Responding to "The Book of Mormon"

Parker and Stone's play marks an already existing division in the United States. Most of us identify with a religion, yet there are a significant number of thought-leaders—the playwrights, comics, politicians, and professors I mentioned, as well as others—for whom religion is simply nonsense. How should a religious person respond to that division? How do we show that our "goofy stories" are more than that, that the connection between our stories and beliefs and our niceness is intimate? How do we demonstrate that our beliefs and our actions are of a piece?

Crying foul when we are misportrayed won't work. Doing so feeds into the larger secularist narrative about religious people: we don't get it; we don't understand that our beliefs are goofy and irrelevant.

Nor will trying to force change through political action. James Davidson Hunter (To Change the World: The Irony, Tragedy & Possibility of Christianity in the Late Modern World) has cogently argued against that option. James K. A. Smith sums up the reason that politics is not the answer: "The Church does not have a cultural critique [of the world]; it is a cultural critique"(Introducing Radical Orthodoxy: Mapping a Post-Secular Theology, p. 80).

"The Book of Mormon" may not revile us (I can't be sure since I've not seen it). Whatever "The Book of Mormon" does, it isn't persecution (thank goodness). But we can take comfort by analogy in the beatitude, "Blessed are ye, when men shall revile you, and persecute you, and shall say all manner of evil against you falsely, for my sake" (Mt. 5:11).

That comfort ought not to be the false comfort of patting ourselves on the back because persecution or mockery is a sign of our blessedness. Sanctimoniousness isn't helpful. Instead, it should be the comfort of knowing that our light can shine in our good works (Mt. 5:16) even if we are not understood or believed. We must be a cultural critique. As Hunter points out (To Change the World, pp. 276-77), the sweetest "revenge" for religious people would be to "seek the peace and prosperity of the city to which I have carried you" (Jer. 29:7).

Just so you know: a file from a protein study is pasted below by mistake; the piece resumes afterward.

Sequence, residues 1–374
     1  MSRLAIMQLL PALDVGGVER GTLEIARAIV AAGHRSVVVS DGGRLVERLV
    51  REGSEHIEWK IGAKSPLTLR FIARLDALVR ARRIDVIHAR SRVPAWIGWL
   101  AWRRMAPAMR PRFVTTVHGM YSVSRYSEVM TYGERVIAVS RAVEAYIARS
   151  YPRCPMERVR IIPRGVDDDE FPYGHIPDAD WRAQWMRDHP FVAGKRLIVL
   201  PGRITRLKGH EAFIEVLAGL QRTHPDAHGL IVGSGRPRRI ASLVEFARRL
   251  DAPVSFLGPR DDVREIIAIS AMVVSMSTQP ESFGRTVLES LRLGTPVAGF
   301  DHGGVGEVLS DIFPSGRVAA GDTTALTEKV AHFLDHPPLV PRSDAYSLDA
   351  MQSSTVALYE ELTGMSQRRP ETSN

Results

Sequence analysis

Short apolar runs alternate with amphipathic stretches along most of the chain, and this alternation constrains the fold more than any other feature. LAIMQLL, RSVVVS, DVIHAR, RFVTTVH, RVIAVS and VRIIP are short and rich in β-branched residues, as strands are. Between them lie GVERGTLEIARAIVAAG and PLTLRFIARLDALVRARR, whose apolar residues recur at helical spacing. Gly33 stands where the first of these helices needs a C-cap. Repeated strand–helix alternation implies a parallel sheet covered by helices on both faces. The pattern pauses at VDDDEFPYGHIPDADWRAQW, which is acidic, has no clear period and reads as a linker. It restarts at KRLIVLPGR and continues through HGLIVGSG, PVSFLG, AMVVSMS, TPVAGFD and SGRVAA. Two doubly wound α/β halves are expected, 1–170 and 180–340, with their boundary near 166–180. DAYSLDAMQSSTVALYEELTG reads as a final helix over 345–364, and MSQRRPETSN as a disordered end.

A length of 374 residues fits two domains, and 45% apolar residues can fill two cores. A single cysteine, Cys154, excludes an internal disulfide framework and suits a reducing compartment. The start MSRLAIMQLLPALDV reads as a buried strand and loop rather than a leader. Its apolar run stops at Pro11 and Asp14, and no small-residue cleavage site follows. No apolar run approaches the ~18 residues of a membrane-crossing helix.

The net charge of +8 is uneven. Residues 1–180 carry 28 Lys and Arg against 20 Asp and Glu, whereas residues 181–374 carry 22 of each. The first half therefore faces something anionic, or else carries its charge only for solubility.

I'm not holding my breath for Parker or Stone to get religion, whether Mormonism or something else. Neither am I holding my breath for it to become politically incorrect to mock religion. But if religious people are going to do something about how religion is perceived and portrayed on television and Broadway and in some political and academic discourse, it will only be by taking Hunter's advice.

Being nice is the beginning of an answer. Being a blessing to society is the fuller answer.

We may not be able to convince those who think our stories are goofy that they are wrong, but we must continue to give them pause. We need to make them continue to wonder how people with such goofy stories can be so nice. More important, we need to make them wonder how our lives can be such a blessing to others. Of course, that requires that we become that blessing.

6/15/2011 4:00:00 AM
James Faulconer
About James Faulconer
James Faulconer is a Richard L. Evans Professor of Religious Understanding at Brigham Young University, where he has taught philosophy since 1975.